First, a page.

I slept in! By sheer determination and force of will I didn’t emerge from my cabin until nearly 9. Some coffee, some toast and jam, and I caught up in the blog entries.
Last night was okay although the drip of condensation from the overhead hatch that hit my shoulder at random intervals was annoying. But I survived in a rough-and-ready, manly-type way. It’s just who I am.
While Dr. L(ove) was getting up and around I took C out for Dinghy 101. We practiced forwards, backwards and beaching. I give her a B- . She mostly lost marks for talking over the teacher.
After we got back we collected L and headed for the oyster beach that was currently sitting at a full low tide. For an hour or so we crawled over the rocks and splurched through the mud exploring. We saw oysters and mussels, baby clams and baby halibut, granite and more granite, and lichens and mosses. One of the lichens was pale, long and spongy, like, as Carmen wittily remarked, a Woodland Afro. Huh.
While scrambling along the barnacle encrusted granite I mentioned to Leslie how is was odd that I had worn these pants for several days on the preceding trip without noticing the Velcro enclosure on the front pocket.
After a million pictures and a ton of exploration, Dave and Margaret arrived in their dinghy and we explored some more. Coastal life really is infinitely fascinating. Dave wanted to cruise up Lancelot Inlet to find Isabel Bay and check out anchorages there, so we decided to tag along. We motored in the dinghy out of Grace Harbour, gawking at boats and oohing and awwing at the lovely homes built along the edges of the shore. There is a section or two of land here in Desolation Sound Marine Park that is still private land and the homes built here are all phenomenal.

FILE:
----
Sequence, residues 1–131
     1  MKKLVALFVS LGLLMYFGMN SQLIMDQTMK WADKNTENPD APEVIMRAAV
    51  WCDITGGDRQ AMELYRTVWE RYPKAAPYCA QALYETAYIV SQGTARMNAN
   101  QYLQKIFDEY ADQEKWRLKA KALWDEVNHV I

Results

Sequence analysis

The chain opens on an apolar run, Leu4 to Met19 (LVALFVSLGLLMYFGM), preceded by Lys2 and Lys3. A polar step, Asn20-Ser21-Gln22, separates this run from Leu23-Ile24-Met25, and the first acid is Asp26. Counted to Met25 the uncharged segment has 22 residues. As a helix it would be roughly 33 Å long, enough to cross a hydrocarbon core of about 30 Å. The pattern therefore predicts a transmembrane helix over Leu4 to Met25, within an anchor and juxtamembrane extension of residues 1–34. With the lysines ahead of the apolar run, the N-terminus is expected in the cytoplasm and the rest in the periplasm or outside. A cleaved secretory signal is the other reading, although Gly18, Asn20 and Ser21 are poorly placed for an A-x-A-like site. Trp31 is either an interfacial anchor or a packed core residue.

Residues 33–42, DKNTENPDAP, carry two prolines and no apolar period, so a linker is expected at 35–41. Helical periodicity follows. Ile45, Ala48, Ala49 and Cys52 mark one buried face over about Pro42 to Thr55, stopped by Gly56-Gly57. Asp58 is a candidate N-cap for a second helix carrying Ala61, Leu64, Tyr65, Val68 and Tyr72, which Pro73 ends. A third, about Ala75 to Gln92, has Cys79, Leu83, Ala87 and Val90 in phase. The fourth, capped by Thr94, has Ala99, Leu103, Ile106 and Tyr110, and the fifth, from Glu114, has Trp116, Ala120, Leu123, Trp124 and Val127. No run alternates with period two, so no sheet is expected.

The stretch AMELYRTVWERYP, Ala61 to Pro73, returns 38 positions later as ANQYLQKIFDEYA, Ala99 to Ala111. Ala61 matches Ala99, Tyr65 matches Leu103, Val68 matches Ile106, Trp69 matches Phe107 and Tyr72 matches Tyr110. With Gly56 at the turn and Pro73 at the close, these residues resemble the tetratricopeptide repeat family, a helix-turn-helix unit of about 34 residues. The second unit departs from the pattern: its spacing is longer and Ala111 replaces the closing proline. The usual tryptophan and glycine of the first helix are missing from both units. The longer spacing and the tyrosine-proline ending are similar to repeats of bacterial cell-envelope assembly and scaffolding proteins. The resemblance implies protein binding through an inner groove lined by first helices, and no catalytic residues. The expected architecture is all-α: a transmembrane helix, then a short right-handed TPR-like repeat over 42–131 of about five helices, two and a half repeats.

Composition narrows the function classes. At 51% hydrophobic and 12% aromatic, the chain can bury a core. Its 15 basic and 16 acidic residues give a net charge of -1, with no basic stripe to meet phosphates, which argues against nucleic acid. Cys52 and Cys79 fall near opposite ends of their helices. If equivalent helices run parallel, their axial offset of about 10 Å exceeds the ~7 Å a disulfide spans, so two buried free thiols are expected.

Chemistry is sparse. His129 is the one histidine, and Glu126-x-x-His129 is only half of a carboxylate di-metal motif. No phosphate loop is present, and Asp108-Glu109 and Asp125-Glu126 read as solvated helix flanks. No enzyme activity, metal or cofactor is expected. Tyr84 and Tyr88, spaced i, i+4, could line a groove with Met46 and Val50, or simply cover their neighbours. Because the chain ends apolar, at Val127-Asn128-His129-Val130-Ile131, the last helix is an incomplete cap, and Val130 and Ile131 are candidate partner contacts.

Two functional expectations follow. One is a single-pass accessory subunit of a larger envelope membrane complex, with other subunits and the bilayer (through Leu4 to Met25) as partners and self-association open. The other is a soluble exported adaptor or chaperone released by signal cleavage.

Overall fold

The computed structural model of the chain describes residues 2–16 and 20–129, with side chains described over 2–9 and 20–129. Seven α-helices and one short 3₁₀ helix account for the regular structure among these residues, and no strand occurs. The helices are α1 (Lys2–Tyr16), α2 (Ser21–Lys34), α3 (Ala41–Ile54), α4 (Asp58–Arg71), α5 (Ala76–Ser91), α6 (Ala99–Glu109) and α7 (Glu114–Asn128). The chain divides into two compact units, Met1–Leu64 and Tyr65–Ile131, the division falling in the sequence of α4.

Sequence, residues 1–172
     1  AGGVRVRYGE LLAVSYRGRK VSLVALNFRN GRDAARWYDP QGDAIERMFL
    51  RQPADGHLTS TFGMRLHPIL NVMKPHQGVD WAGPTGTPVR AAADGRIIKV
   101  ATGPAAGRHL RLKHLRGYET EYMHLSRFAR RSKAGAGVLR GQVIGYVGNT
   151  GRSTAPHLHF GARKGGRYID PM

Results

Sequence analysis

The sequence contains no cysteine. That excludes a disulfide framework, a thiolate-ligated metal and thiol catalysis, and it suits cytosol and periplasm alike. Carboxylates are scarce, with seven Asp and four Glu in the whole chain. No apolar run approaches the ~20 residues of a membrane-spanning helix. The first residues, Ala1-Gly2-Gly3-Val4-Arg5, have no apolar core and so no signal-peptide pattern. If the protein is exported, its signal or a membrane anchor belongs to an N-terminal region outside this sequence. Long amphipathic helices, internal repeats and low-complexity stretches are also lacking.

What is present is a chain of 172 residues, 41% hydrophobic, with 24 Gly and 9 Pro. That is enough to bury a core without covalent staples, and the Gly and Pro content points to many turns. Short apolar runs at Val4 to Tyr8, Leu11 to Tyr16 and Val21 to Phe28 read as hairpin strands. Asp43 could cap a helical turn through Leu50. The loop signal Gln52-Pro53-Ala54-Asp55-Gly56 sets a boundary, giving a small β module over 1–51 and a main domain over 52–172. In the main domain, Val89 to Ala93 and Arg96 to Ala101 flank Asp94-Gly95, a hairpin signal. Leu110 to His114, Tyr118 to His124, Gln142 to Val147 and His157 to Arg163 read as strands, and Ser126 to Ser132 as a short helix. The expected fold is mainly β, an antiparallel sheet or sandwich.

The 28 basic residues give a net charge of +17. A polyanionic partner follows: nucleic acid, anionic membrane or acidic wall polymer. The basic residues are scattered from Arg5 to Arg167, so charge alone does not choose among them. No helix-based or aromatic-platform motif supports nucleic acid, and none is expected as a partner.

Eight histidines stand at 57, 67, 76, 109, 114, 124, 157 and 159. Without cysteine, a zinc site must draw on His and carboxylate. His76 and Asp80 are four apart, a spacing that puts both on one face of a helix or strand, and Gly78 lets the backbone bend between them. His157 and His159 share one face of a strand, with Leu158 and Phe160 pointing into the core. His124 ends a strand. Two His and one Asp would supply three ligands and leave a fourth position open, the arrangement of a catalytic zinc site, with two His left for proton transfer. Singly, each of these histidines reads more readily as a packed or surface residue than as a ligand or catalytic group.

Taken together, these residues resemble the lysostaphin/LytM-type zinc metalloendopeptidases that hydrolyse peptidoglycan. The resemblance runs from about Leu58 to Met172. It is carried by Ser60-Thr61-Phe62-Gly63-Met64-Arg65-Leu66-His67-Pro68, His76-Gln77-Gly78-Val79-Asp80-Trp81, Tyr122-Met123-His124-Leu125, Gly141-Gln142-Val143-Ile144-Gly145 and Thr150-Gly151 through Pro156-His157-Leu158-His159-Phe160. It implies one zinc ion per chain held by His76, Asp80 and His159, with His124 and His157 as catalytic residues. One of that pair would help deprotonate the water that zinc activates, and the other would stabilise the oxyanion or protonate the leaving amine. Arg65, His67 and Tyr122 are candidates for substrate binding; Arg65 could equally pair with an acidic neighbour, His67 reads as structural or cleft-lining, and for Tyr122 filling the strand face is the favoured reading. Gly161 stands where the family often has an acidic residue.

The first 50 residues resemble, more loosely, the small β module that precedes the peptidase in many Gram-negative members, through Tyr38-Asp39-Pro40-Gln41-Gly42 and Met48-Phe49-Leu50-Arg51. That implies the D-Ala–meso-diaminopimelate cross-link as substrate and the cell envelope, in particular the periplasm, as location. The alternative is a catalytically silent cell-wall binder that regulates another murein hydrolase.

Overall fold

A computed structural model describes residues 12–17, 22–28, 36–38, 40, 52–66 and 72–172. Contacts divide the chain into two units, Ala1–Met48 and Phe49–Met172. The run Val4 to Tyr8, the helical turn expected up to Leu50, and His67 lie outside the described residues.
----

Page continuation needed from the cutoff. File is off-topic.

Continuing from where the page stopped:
After we had cruised the coastline at idle we decided to turn back, but before we did I let Dave know that Carmen had been good and needed to open her up. So while they trailed along behind, C wound up the 4 hp and preceded to do some doughnuts and high-speed turns. At one point more backwash was coming over the transom than I could bail, and we managed to fill the boat with enough water to wash some of the mud from our walk.
Coming back L took over the stick and had to learn how to use an outboard all over again. Eventually she straightened herself out and we throttled up to zoom home at half speed.
Back at the boat we put away all the drying that had been festooning the boat and had a drink. Dave rowed over to join and we chatted and decided on a rough agenda for the coming days. Tomorrow is Refuge Cove for supplies and so L can call her Dad for his 70th. We’d like to hit Roscoe Cove, Gorge Harbour and Lund over the next week as well. Should all be doable.
As Dave was leaving I got up to untie his painter for him and Carmen asked out loud if my pants were on backwards. I would have thought it a highly impertinent question except it turns out they were. Seems I don’t have Velcro enclosures on my front pockets after all.
After a bit Dave rowed away and we fired up the engine for some hot water. I made pancakes while C had a shower and we sat down to enjoy a white Zin with our dinner:
Leslie: pancakes with white sugar
Bruce: pancakes with butter (lots) and blueberry syrup (lots more)
Carmen: pancakes with peanut butter and raspberry jam
After dinner they washed up and I watched the glassy water and wrote for a bit. A good, good day.
A bit later I rowed/motored over to the spot where the oyster beach had been. Completely under water now. A brief tour of the harbour and we put up the motor in the stern and sat and enjoyed the cooling evening air with a drink and some candles in the cockpit.